A couple of months ago I sat in on a rather thought-provoking "boot camp" for men trying to improve their social skills with women and the head trainer said something I've rolled around in my mind ever since ...
You might remember James McLane whom I posted about in July, when he broke down which Australian cities he thought were the best to live in as a single man.
McLane is fascinating to listen to because he's absorbed and tested pretty much every piece of "Pick-up Artist" literature there is out there - and taken a step beyond it in the way he conducts his seminars and camps.
For McLane, the secret to being successful with women is not about learning reams of pick-up lines, games, "patterns" and "negs", but largely about observing and understanding how social interactions work.
This is assuredly not something you master overnight but, in the three to five days he spends with clients on his boot camps, they do get a rather remarkable insight into how and why they act the way they do in social situations, as well as hundreds of suggestions for improving their affability and attractiveness.
Of course, you can do all the theorising you want when it comes to this stuff but nothing can replace the experience of talking to women - strange, attractive women, who give you that "ulp" feeling in your throat.
This is why McLane offers his clients interactions with female trainers, with whom the men spend days, running through a spectrum of scenarios.
One of the things that really resounded with me watching him work with his clients is how so many guys complicate the process of conversation.
McLane counsels keeping it simple; just introduce yourself, shake hands, ask the woman what she's got planned for the weekend, what have they done interesting lately, listen, take the conversation from there.
"[The Australian tennis great] Fred Stolle once said 'Don't do more than you need to win the point,' " says McLane, which could be one of the most sage pieces of advice I've ever heard about interacting with the opposite sex.
I think men and women - young and old - often get so caught up in what they'd like to happen with the person opposite them, they forget about what is happening and fail to attend to the moment; by embroidering, they drop the stitch in time.
I know when I meet people, I'm bound to launch into obscure conversations because I'm a wanker, when the truth is most people - when they go out for a meal or a drink - just want to have an easy chat, not discuss geopolitics or Kant.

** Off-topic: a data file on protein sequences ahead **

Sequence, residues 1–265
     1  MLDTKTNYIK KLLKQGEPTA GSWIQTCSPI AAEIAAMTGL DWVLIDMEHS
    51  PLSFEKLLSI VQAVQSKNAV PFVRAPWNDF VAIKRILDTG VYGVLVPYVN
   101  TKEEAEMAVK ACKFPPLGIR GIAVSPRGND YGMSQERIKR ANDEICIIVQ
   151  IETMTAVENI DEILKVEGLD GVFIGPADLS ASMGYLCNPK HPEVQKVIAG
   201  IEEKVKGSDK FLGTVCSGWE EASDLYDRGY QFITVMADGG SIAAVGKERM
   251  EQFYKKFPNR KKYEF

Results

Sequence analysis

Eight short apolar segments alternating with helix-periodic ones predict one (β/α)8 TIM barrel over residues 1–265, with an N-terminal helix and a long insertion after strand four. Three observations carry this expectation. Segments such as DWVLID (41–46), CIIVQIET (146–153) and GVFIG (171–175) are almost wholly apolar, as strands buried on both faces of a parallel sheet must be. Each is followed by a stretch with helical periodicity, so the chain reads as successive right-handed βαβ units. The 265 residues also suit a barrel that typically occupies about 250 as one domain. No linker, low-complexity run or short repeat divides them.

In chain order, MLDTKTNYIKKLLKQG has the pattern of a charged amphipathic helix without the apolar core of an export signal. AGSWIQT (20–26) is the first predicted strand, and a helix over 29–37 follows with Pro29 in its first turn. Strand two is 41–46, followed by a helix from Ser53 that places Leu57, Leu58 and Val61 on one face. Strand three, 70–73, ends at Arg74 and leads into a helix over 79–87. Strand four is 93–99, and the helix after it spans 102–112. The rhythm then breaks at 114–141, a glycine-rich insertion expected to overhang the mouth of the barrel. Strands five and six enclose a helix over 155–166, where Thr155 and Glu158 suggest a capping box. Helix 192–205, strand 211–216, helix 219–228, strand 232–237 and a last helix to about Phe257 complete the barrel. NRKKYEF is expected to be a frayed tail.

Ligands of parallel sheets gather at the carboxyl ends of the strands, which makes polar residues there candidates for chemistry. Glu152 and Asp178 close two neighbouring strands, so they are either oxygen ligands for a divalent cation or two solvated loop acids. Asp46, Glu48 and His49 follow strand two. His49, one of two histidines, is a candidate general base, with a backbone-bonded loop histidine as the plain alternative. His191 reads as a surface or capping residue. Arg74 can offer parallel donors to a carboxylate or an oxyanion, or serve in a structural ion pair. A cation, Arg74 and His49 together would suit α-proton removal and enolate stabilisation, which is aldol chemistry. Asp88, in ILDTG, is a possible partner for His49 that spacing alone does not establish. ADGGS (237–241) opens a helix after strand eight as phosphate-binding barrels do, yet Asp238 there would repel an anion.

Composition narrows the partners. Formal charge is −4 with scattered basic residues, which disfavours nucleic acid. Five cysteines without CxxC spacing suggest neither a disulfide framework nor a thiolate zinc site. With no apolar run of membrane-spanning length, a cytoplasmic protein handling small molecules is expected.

So when McLane suggests "don't do more than you need to win the point", he's just saying don't overcomplicate things. The reality is most conversations you'll have will lead nowhere but you don't have to short-circuit them by launching into over-challenging or obtuse topics.
Of course, this is but one tiny lesson McLane teaches over the course of his bootcamps (of which I only observed three or four hours) but even this got me thinking.
Another comment James made was that once you've started a conversation with a woman, there's no shame in directing it to topics that interest you, whether they be fitness, reading, art, politics, travel, cooking, fashion or sport.
In the end, if you're looking to meet a person with similar interests and drives, this is a good time to discover this information, rather than after the 10th date (or first child).
Finally, to those of you who'll take exception to the mere concept of a man teaching other men how to talk to (and ulitmately sleep with) women, perhaps take a step back and consider what's motivating the clients.
Yes, some of the guys probably just wanted to have sex with multiple women but most of the men I observed were looking for relationships and had paid thousands of dollars to improve their chances of this.
I think it's a pretty sincere testimony to how much all of us want to be wanted and I'm stoked to see people like James McLane opening up that opportunity to other than the genetically blessed and socially gifted.
If you want to learn more about James and Social Coach, you can check out his website here.